look out for Austrian Anita Molcik (4 Elements Yeti/Hotec/RSP) and Australian
Rachael Atherton (Animal Commencal)
Photo ©: Dave McElwaine
On the men's side, Spaniard Alvarez de Lara Luca will face France's young
Romain Saladin (Team Sunn), who last weekend returned to racing with a
second place finish following a hand injury this spring. Guido Tschugg
may have crashed in the Big Final along with Frenchman Cédric Gracia (Commencal
- Furious - Oakley Team), but both can't be counted out for this round.
Joost Wichman (Cannondale Factory Racing) and Dan Atherton (Animal Commencal),
who returned to competition last week, are also among the favorites.
Downhill racing will happen Saturday, with qualifying in the morning
and finals in the evening. The nearly one-kilometer course drops from
550m to 250m over its length.
World Champion Rachel Atherton (Animal Commencal) won in Mont-Sainte-Anne
and will be looking for another trip to the top of the podium, but Sabrina
Jonnier (Maxxis) came within two seconds in a close finale last weekend
and will have other plans in mind.
See the start list and read
the complete preview for 4X, downhill and cross country World Cup
events in Bromont.
Subaru / Gary Fisher truck stolen at World Cup venue
The Subaru / Gary Fisher team's truck was stolen on Monday night from
a lighted hotel parking lot in Mont-Sainte-Anne, Quebec, site of the World
Cup last weekend.
At the time of the theft the team's truck and trailer were disconnected,
so fortunately for the team, the trailer containing team bikes and support
equipment was not also stolen.
"I'm sure there is some small personal stuff gone for our mechanic,
but it shouldn't affect the team's racers," said Fisher brand manager
Travis Ott to Cyclingnews.
The loss is presenting some headaches for the team management. "Fortunately,
the whole circuit is close knit and another team will help us move the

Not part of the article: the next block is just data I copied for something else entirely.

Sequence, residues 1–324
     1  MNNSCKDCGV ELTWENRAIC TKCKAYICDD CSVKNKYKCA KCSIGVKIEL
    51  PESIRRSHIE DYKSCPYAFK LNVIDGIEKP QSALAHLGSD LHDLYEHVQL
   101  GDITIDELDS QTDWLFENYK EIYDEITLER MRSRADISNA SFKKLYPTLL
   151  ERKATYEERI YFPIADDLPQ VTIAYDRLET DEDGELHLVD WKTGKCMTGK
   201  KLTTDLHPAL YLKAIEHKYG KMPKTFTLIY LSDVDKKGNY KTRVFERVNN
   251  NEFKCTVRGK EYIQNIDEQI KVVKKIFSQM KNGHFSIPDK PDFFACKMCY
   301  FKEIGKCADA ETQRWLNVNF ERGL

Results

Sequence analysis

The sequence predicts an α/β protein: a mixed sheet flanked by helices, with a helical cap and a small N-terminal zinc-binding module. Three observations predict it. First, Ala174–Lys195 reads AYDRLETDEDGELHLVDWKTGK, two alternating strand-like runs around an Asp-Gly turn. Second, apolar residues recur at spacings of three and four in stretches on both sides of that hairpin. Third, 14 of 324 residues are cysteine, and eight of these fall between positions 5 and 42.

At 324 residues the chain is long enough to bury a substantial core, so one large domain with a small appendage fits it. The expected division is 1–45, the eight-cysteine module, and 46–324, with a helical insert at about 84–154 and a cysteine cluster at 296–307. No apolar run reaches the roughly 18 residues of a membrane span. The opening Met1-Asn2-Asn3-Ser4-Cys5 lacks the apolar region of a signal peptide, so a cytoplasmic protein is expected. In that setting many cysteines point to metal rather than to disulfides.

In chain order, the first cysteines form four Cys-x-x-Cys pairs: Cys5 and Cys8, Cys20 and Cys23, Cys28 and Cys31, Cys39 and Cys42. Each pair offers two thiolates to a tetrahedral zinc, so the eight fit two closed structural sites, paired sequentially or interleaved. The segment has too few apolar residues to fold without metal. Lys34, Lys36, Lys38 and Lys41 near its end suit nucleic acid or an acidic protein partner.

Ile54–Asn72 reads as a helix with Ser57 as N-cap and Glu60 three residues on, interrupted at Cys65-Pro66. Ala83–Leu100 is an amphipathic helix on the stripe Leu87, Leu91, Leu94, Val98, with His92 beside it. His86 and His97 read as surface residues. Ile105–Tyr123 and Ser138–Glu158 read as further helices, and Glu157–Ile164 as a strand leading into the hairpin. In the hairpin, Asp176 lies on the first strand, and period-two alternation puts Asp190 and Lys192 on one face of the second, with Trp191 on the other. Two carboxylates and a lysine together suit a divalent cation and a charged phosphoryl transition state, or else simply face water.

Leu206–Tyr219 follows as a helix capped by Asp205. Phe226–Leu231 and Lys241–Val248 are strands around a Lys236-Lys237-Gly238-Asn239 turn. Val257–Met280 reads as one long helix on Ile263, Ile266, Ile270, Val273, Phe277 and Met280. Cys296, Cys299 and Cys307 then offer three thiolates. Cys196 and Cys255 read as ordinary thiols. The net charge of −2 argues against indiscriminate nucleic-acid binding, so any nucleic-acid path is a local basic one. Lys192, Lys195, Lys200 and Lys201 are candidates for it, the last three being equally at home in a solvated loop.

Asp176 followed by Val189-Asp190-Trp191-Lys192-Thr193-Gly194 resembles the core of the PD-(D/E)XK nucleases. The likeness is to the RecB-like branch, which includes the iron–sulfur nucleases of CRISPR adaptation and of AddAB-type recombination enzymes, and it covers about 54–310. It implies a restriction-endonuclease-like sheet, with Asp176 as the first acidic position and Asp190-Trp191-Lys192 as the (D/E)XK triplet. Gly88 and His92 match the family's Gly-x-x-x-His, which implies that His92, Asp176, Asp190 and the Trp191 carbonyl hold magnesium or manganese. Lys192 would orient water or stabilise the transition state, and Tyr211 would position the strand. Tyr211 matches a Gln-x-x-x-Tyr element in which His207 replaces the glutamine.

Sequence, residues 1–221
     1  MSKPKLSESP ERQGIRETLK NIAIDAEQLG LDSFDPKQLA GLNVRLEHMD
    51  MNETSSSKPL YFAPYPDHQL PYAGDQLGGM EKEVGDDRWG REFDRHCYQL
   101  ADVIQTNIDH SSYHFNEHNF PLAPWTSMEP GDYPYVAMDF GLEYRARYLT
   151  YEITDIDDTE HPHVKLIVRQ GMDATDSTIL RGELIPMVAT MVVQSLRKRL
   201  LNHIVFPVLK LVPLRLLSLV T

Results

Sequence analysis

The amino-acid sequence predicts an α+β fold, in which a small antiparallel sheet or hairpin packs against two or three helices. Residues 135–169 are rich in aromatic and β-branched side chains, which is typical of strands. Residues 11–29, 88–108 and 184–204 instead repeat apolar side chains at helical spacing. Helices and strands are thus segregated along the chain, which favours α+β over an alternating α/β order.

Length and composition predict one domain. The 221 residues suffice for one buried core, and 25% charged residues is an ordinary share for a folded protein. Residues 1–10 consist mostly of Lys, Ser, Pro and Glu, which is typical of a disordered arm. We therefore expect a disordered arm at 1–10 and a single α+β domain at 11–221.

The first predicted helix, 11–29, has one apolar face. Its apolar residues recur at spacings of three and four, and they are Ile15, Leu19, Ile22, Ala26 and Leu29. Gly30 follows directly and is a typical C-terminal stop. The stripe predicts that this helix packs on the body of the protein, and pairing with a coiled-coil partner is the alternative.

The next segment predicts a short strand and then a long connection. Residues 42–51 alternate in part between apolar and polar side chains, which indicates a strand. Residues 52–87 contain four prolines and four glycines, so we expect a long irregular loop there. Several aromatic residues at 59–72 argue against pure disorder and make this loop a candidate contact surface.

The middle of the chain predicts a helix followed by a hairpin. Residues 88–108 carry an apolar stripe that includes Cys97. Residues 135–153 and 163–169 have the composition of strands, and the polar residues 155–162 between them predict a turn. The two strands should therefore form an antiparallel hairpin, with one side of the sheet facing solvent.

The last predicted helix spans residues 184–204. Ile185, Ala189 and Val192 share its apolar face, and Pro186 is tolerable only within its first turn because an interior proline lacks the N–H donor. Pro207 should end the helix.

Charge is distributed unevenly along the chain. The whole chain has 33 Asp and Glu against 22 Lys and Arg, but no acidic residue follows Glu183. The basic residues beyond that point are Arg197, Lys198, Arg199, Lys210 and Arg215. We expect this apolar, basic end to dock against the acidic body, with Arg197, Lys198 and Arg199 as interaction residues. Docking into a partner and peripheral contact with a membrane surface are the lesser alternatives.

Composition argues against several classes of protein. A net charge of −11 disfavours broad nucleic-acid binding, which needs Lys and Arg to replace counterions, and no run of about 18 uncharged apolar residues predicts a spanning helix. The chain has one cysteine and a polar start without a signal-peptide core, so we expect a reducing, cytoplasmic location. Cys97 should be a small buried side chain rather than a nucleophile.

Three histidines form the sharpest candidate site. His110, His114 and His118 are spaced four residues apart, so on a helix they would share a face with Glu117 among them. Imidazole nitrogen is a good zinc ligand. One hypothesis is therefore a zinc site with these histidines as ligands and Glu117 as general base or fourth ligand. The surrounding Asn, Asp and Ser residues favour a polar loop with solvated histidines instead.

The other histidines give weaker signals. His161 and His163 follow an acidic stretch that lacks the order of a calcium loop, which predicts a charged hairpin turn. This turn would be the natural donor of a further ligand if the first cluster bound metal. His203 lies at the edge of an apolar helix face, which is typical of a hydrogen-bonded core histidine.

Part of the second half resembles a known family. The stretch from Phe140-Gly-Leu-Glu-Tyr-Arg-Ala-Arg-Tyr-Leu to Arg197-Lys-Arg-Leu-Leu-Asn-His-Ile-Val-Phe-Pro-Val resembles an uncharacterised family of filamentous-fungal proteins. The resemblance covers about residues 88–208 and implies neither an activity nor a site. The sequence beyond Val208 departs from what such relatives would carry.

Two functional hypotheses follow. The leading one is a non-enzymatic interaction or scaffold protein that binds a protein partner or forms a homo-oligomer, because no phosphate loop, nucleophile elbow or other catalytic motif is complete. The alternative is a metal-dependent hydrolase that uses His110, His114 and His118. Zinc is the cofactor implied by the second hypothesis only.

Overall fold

trailer to Bromont for the next World Cup," said Ott. "But at
the same time our mechanic is shopping for a new truck to replace the
stolen Ford F350.
Although the two World Cups are in Canada, the American-based team is
looking for a vehicle in the US, in nearby Vermont. "We have to buy
the new truck in the US because if you buy it in Canada, it is a hassle
to bring back to the US," said Ott. "Plus we'd like it to read
out miles and miles per hour."
"It would have been easier if they'd stolen it much closer to home
- they're about as far away as they ever compete in North America."
The stolen truck was decked out in Subaru / Gary Fisher colors and had
"not easily removable" decals from the team and its sponsors
all over it.
Theft has been a problem on the World Cup circuit this year, especially
for the Multivan Merida team, which had 100,000 euro worth of equipment
stolen in Houffalize, Belgium, and was the victim of another attempted
theft in Madrid.
GT's bikes were also stolen the day before the Houffalize round.
24 Hours of Nine Mile returns to Wausau
Pua Sawicki (Team Mata)
Photo ©: Mark Moore
The USA Cycling 24-hour National Championships will return to Wausau,
Wisconsin, this weekend August 2-3. More than 900 mountain bike enthusiasts
from across the United States and Canada are expected to participate.
This year marks the tenth anniversary of the event and the third year
it has hosted the US Nationals.
A record number of attendees are expected, including current and former
national champions vying for top honors. In addition to the six national
championship categories, twenty non-national championship categories will
be contested. These include team and solo events in the 12-hour and 24-hour
categories. Support staff and spectators will bring total attendance to
Last year's race was won
by Pua Sawicki and Chris Eatough.
For more information, visit www.24-9.com.
Geoff Kabush diary: The long haul towards Beijing
Geoff Kabush wining his 12th NMBS
Photo ©: Dave McElwaine
Once again it has been a while between reports; I usually only get the
motivation to write when the racing is going well, and recently, well,
it has been going smooth. I signed off my last report while I was still
in the middle of a month-long European stint.
The trip went as good as hoped, with a few snags. After the podium performance
at the World Cup in Andorra, I had podium legs in Scotland but technical
problems put an end to that opportunity. It made for an interesting race,
as after a pit-stop in the technical zone on lap one I had to charge from
the back of the pack all the way up to 24th, which I was pretty satisfied
with regarding the circumstances.
By now, I can only remember a few things... the weather was unbelievably
nice for the whole week, I saw the top of Ben Nevis for the first time
and there was one guy I had to ride behind in the race who has become
a little notorious for riding downhill extremely slowly. It just bugs
me sometimes how people call themselves professional mountain bikers but
have never actually learned how to ride a mountain bike. It is not like
this individual isn't serious either; he has been a National Champion,